Monthly Wrap-Ups

2018 Year in Review

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2018 was a really different type of reading year for me. Prior to this year, my reading experiences have mostly been a solitary affair. I have always been a big reader, but other than college, I never really shared my thoughts or opinions on what I read. At least, not beyond my own reading journal. I am so glad that this year I decided to break out of my comfort zone and start blogging. It has really meant a lot to me to have this small space online and to be able to connect with all of you amazing and thoughtful readers and writers. I love hearing your opinions and seeing what you are reading. I can’t wait to see where your reading adventures take you in 2019!

img_3068In reviewing my 2018 reading, my choices were all over the place. From Fantasy to Mystery, Romance and Historical Fiction, I read a little bit of everything. I read a ton of YA Fantasy this year. Besides reading Harry Potter as a teenager, this is the first time I have read so much fantasy. My daughter has been really into reading the last few years and this is her favorite genre. So, I really wanted to share those books with her. It was really fun reading The Throne of Glass, The Shadow and Bone, and The Infernal Devices series with her. My personal favorite in this genre was The Arc of the Scythe (Scythe and Thunderhead) by Neal Shusterman. My Daughter and I also visited the YA’ll West Festival together this year which was an amazing experience. The level of commitment that YA fans have is staggering!

I also read a lot of Literary/Historical Fiction this year: The Immortalists, Alias Grace, The Witches of New York, The Silence of the Girls, and The Heart’s Invisible Furies. My Mystery selections also went really well this year: Lethal White, The Last Time I Lied, and Final Girls. Riley Sager is one of my new favorite mystery authors. As far as romance goes, I read Roomies, Josh and Hazel’s Guide to Not Dating, and London Belongs to Me. Roomies being my favorite romance of the year.

Well, without further ado, here are my top five reads of 2018: (click on the titles to read my full review for each)

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The Heart’s Invisible Furies – Literary Fiction/Historical Fiction:

This was hands down, my favorite book of the year. This book is a thought-provoking, insightful, heartwarming, and bittersweet story of one man, Cyril Avery. As a baby, Cyril is put up for adoption by Catherine Goggin, a young girl who is kicked out of her small parish, country town in Ireland for becoming pregnant out of wedlock. Cyril is taken in by a wealthy couple, who have very little time for him and barely notice his existence. He discovers at an early age that he is gay and his relationship with his best friend, Julian Woodbead, proves to be a complicated one. Over the course of the novel, while in the midst of trying to understand his sexuality, and also find real love, Cyril has to navigate the hypocrisy of Irish society at this time (late 1940s-1980s). In his search for identity and meaning, Cyril’s life, just like all of our lives, is filled with moments of blissful happiness and moments of sorrow and loss. However, there are so many moments in this book that come full circle that it leaves you with a feeling of rightness, despite the heartbreak that you witness. The title couldn’t be more perfect. We all carry around burdens, pain, loss, and injustice that become etched on our hearts. These are our “furies,” and as heartbreaking as they may be, they are also part of what makes this life so beautiful.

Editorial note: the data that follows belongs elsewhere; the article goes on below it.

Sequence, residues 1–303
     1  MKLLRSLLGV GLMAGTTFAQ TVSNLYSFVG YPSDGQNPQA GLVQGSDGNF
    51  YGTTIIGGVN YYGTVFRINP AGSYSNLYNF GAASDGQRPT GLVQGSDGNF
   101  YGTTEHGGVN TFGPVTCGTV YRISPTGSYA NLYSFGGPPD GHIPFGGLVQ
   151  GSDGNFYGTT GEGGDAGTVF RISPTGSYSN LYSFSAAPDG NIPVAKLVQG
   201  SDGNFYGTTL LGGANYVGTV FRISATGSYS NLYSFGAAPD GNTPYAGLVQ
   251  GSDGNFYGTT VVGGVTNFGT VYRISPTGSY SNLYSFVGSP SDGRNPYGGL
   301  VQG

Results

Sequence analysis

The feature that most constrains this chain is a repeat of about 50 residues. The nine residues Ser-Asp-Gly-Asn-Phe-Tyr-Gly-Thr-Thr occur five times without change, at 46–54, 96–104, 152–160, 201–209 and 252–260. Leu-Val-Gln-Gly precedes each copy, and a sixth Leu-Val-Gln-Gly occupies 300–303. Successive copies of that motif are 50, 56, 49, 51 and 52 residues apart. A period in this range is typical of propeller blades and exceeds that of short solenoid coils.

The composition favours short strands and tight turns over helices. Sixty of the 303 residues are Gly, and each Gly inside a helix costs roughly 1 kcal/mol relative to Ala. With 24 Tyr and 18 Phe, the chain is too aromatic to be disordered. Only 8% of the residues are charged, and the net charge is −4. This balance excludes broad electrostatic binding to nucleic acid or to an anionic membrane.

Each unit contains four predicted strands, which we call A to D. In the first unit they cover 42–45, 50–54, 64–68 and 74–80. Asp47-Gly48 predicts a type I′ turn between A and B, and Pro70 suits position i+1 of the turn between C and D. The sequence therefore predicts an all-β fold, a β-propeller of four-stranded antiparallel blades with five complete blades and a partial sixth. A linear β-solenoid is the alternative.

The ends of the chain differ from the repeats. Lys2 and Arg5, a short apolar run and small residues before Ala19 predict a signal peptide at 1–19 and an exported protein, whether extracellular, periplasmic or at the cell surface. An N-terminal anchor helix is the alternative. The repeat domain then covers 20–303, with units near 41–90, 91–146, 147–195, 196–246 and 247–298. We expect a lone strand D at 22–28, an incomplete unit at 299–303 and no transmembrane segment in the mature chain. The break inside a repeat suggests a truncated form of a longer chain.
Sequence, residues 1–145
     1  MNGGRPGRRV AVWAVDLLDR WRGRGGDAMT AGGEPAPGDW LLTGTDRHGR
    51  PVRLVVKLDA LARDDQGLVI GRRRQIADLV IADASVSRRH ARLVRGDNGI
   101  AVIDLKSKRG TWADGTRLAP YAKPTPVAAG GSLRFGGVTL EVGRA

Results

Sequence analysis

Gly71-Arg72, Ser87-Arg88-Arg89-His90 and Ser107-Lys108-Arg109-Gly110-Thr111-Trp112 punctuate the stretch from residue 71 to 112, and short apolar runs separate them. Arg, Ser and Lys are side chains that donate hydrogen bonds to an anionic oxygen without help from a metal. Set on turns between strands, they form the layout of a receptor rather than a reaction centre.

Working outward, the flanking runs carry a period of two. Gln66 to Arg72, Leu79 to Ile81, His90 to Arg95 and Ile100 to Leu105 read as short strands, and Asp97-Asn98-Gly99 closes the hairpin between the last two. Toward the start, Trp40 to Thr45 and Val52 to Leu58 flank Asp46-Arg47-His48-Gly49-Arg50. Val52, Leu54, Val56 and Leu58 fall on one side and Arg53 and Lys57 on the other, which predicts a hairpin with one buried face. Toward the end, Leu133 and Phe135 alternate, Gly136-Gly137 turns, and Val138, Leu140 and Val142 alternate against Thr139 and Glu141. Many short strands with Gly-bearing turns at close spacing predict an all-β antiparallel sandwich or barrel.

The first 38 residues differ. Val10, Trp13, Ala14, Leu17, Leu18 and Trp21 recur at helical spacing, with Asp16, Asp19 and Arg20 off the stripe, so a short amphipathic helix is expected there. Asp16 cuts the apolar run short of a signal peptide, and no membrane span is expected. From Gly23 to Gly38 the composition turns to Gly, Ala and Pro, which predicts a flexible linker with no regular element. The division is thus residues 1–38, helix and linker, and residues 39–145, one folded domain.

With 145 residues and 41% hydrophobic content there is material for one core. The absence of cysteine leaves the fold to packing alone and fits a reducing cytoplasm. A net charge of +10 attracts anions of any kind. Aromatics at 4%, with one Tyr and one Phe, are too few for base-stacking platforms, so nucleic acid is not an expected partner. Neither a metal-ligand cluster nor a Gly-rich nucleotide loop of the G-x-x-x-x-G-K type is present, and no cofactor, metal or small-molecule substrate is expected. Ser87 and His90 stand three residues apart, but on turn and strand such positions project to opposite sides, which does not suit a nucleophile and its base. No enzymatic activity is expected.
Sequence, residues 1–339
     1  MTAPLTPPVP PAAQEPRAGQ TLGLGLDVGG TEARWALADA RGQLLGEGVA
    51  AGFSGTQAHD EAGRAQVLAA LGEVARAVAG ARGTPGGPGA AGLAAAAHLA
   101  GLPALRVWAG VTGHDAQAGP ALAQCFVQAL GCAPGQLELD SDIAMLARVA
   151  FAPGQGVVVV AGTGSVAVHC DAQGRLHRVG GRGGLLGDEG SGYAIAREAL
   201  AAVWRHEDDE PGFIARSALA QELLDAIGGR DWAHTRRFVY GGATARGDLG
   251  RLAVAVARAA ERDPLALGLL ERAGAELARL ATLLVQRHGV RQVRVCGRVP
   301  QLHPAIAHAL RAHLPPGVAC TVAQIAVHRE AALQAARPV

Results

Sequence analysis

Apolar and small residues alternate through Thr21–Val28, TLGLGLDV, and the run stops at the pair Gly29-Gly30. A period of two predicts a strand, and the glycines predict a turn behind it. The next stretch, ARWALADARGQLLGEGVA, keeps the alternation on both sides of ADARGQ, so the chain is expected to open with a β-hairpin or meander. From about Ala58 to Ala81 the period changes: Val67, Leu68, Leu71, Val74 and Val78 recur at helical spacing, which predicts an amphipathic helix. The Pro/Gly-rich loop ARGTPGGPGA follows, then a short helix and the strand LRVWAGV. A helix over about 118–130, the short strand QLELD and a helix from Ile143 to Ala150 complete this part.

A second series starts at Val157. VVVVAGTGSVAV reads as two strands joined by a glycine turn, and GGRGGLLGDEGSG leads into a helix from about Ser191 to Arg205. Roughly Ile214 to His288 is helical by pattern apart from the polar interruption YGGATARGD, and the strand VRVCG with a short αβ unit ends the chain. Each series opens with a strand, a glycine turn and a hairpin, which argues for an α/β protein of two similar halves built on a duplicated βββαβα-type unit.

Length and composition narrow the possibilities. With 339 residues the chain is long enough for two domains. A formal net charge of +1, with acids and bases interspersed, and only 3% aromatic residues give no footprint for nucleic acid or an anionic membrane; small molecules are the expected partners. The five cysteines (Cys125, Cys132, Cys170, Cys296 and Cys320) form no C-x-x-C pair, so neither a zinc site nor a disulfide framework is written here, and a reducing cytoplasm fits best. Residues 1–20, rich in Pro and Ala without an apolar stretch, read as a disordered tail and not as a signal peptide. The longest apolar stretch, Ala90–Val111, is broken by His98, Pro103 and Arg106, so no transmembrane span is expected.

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The Silence of the Girls – Literary Fiction/Historical Fiction:

Barker does something pretty brilliant in this book- she manages to simultaneously celebrate The Iliad (the original source of this story) and challenge it. Her challenge comes in the form of perspective because her story brings to light the thoughts/feelings/struggles/triumphs of the women in this story- who both A) played a crucial role in the politics and the emotion of the story, and B) whose perspectives were woefully left out of the original. However, her book also celebrates the Iliad. She gives you a sense of the majesty of this story and the complexity of its heroes. I honestly can’t say enough about how much I loved this book- it was a breath of fresh air, it was moving, emotional, honest, and beautifully written. If you’re a fan of Greek Mythology/retellings, you should definitely check this out.

img_2958-1Book of Dust– by Philip Pullman – Fantasy:

Philip Pullman is a master craftsman of the slow spun tale. His rich, building, lyrical style is so comforting that it draws you into a parallel universe. The protagonist, Malcolm, is such as smart and likable boy that you can’t help root for him as he gets caught up in this world of political intrigue, scholarship, and magic. If you are a fan of Narnia or Harry Potter, you would definitely enjoy this.

 

3d2832c7-d396-4ed9-9eec-26ae1753cab5Thunderhead– YA Fantasy:

I really loved Scythe, but Thunderhead takes the loose threads from book #1 and spins them into a whole new world of intrigue, danger, and suspense, with some really cool philosophical questions underlining the whole plot. While book #1 focuses on the Scythedom and Rowan and Citra’s place within it, book #2 continues this journey, but with more connection to the Thunderhead- the vast, all-knowing, God-like “server,” that monitors the world. Instead of being privy to the journals of the Scythes, we now get the journals/thoughts of the Thunderhead. The actions of the Scythes and Rowan, woven together with the thoughts of the all-seeing Thunderhead, created a brilliant contrast. If you’re a fan of YA dystopian, do yourself a big favor and read this series. The next book in the series, Toll, comes out in 2019.